encoding_errors="replace",
)
cities.head(10)
```

Out[20]:

name | state | area_km2 | pop_size | |
---|---|---|---|---|

1 | Berlin | Land Berlin | 891.85 | 3520100 |

2 | Bremen | Freie Hansestadt Bremen | 325.42 | 546450 |

3 | Dresden | Freistaat Sachsen | 328.31 | 525100 |

4 | Düsseldorf | Land Nordrhein-Westfalen | 217.41 | 593682 |

5 | Erfurt | Freistaat Thüringen | 269.17 | 203480 |

6 | Hamburg | Freie und Hansestadt Hamburg | 755.26 | 1751780 |

7 | Hannover | Land Niedersachsen | 204.14 | 514130 |

8 | Kiel | Land Schleswig-Holstein | 118.60 | 239860 |

9 | Magdeburg | Land Sachsen-Anhalt | 200.97 | 229924 |

10 | Mainz | Land Rheinland-Pfalz | 97.76 | 202750 |

In [21]:

```
cities["pop_density"] = cities["pop_size"] / cities["area_km2"]
cities.head(10)
```

Out[21]:

name | state | area_km2 | pop_size | pop_density | |
---|---|---|---|---|---|

1 | Berlin | Land Berlin | 891.85 | 3520100 | 3946.964176 |

2 | Bremen | Freie Hansestadt Bremen | 325.42 | 546450 | 1679.214554 |

3 | Dresden | Freistaat Sachsen | 328.31 | 525100 | 1599.403003 |

4 | Düsseldorf | Land Nordrhein-Westfalen | 217.41 | 593682 | 2730.702360 |

5 | Erfurt | Freistaat Thüringen | 269.17 | 203480 | 755.953487 |

6 | Hamburg | Freie und Hansestadt Hamburg | 755.26 | 1751780 | 2319.439663 |

7 | Hannover | Land Niedersachsen | 204.14 | 514130 | 2518.516704 |

8 | Kiel | Land Schleswig-Holstein | 118.60 | 239860 | 2022.428331 |

9 | Magdeburg | Land Sachsen-Anhalt | 200.97 | 229924 | 1144.071254 |

10 | Mainz | Land Rheinland-Pfalz | 97.76 | 202750 | 2073.956628 |

Third, we calculate the weight for each city according its population size.

In [22]:

```
cities["pop_weight"] = cities["pop_size"] / np.sum(cities["pop_size"])
pop_weight_sum = np.sum(cities["pop_weight"])
print(f"The sum of the weight vector is {pop_weight_sum}")
```

The sum of the weight vector is 1.0

Now, we finally apply our implementation of the weighted harmonic mean (`my_weighted_harmonic_mean`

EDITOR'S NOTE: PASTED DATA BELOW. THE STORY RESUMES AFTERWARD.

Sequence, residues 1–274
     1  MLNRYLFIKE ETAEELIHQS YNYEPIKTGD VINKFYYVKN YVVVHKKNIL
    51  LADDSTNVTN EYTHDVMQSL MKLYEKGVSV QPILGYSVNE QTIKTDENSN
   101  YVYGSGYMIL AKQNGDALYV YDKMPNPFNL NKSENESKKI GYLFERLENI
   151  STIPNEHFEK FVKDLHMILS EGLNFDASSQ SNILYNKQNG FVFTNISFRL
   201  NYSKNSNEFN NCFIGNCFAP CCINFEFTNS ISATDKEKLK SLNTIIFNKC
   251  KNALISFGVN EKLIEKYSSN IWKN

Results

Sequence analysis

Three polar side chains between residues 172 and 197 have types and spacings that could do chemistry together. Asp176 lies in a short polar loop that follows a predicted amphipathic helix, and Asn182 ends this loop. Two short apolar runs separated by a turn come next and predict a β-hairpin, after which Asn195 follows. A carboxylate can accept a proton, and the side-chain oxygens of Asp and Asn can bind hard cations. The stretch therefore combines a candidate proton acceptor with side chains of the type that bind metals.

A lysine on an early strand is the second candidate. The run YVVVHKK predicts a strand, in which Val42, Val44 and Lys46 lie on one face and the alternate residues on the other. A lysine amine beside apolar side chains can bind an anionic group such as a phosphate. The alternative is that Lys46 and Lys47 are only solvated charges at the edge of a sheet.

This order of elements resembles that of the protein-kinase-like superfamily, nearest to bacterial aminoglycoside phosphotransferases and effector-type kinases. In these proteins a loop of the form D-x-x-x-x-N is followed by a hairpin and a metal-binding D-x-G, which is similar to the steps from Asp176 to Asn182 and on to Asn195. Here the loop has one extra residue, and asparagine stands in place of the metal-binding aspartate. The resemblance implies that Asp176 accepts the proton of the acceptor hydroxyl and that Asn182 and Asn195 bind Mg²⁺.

) and compare it to the arithmetic mean.

We start by giving the function the `cities["pop_weight"]`

vector as an input parameter.

In [23]:

```
round(my_weighted_harmonic_mean(cities["pop_density"], cities["pop_weight"]), 3)
```

Out[23]:

2386.186

`cities["pop_size"]`

vector as an input parameter.

In [24]:

```
harm_mean_pop_size = round(
my_weighted_harmonic_mean(cities["pop_density"], cities["pop_size"]), 3
)
harm_mean_pop_size
```

Weights do not sum up to 1. Weights are normalized...

Out[24]:

2386.186

Awesome, the function works as expected. The results are identical.

We can conclude that the mean population density in the state capitals of Germany is about 2386.186 inhabitants/km^{2 .}

For comparison, we may calculate the arithmetic mean of the population density:

In [25]:

```
round(np.mean(cities["pop_density"]), 3)
```

Out[25]:

2005.613

**Citation**

The E-Learning project SOGA-Py was developed at the Department of Earth Sciences by Annette Rudolph, Joachim Krois and Kai Hartmann. You can reach us via mail by soga[at]zedat.fu-berlin.de.

You may use this project freely under the Creative Commons Attribution-ShareAlike 4.0 International License.

Please cite as follow: *Rudolph, A., Krois, J., Hartmann, K. (2023): Statistics and Geodata Analysis
using Python (SOGA-Py). Department of Earth Sciences, Freie Universitaet Berlin.*